Smoke detectors are a simple and efficient way to protect homeowners from severe injury or even deaths which may result from fires in the home. The Housing and Urban Development (HUD) estimates that a home fire occurs every 66 seconds in the U.S. The National Fire Protection Association (NFPA) estimates that having operating smoke detectors in the home reduce the possibility of dying from a fire by 50%. However, even though an estimated 13 out of 14 homes (93%) have at least one smoke detector, an estimated 1/3 of the smoke detectors are not properly maintained or operating.
The value of smoke detectors is underestimated due to common misconceptions about their usefulness and a person’s ability to detect a fire on their own. Here are some important facts about fires.
- The majority of fires occur at night when the occupants of a home are sleeping.
- If a fire starts in the living room of a home, occupants in a bedroom could be dead in as little as two minutes.
- Most victims of fires die of smoke asphyxiation.
- Smoke will NOT wake up the occupant. On the contrary, the gasses and smoke will numb the senses and cause unconsciousness.
Smoke detectors are designed to give the occupants in the home the few minutes they need to escape.
Types of Smoke Detectors
There are two common types of smoke detectors available on the market. Each type is distinguished by its detection method. The most common smoke detector uses ionization sensors to detect smoke. The other type of smoke detector uses a photoelectric sensor to detect smoke.
Ionization detectors detect the presence of invisible particles (less than .01 micron in size) in the air. Inside the detector, there is a small ionization chamber that contains an extremely small quantity of radioactive isotope called Americium-241. The Americium-241 will decay or emit alpha particles at a fairly constant rate. The alpha particles, which travel at an extremely high rate of speed, ionize or knock off an electron (negative charge) from the atoms in the air (oxygen and nitrogen molecules) passing through the ionization chamber.
The free electron (negative charge) is then attracted to a positively charged plate, and the positively charged oxygen or nitrogen is attracted to a negatively charged plate. This creates a very small but constant current between the plates. When particles, such as combustion particles, dust, steam or fumes enter the chamber, the current is disrupted when the electrons attach to the particles. If the current drops too low, the alarm is triggered. [Note: The radioactive material generally presents a health hazard only at extremely close distances and with direct exposure (inhaling). Due to the design of the detector and limited amount of radioactive material, exposure is unlikely with proper handling.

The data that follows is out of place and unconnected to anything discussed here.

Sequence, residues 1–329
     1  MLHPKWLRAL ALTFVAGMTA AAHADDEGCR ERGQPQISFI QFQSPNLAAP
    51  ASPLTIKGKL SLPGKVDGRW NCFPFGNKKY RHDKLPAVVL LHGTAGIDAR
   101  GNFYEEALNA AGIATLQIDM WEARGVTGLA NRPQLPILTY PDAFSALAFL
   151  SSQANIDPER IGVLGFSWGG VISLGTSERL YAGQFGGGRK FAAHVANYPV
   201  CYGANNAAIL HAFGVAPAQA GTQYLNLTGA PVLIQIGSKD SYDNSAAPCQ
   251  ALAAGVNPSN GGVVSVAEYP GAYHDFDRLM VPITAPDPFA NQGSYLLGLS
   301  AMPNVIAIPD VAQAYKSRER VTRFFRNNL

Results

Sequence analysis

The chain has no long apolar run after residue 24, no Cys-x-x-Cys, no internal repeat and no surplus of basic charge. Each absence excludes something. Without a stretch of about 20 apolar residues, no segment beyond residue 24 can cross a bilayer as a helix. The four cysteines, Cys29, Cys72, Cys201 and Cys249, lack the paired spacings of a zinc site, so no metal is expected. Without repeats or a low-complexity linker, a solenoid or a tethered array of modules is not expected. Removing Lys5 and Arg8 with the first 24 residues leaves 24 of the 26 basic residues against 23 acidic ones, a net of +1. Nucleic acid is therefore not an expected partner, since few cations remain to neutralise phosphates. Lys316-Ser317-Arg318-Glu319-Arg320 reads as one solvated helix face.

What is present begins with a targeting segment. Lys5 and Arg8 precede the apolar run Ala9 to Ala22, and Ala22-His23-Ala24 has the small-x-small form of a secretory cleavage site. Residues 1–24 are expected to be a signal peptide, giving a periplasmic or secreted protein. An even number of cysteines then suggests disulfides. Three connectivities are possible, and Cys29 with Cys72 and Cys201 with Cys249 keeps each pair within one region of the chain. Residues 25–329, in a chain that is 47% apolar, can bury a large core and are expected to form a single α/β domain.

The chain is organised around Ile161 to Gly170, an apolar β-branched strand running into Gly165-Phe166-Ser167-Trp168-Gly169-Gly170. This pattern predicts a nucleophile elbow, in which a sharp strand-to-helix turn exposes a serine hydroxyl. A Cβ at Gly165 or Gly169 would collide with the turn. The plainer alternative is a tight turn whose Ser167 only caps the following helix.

Ionization detectors are very sensitive and are designed to detect hot and fast-moving fires that produce little smoke. The disadvantage to these sensitive detectors is possible false alarms from cooking vapors or excessive dust.
Photoelectric detectors detect the presence of visible particles (larger than 3 microns) in the air. Inside the detector, there is a light emitting diode (LED) that directs a narrow beam of infrared light across the detection chamber. When smoke or particles enter the chamber, the infrared light beam is scattered. A photodiode or photodetector, usually placed 90 degrees to the beam, will sense the scattered infrared light and when a preset amount of light is detected, the alarm will sound. Photoelectric detectors are not as sensitive and are designed to detect cool or slow-moving (smoldering) fires that produce a lot of smoke.
Where to Place Smoke Detectors
It is important to properly place the smoke detectors in the home. In most locations throughout the U.S., smoke detectors are required in all new homes. The number and location are listed below:
Number and Location Requirements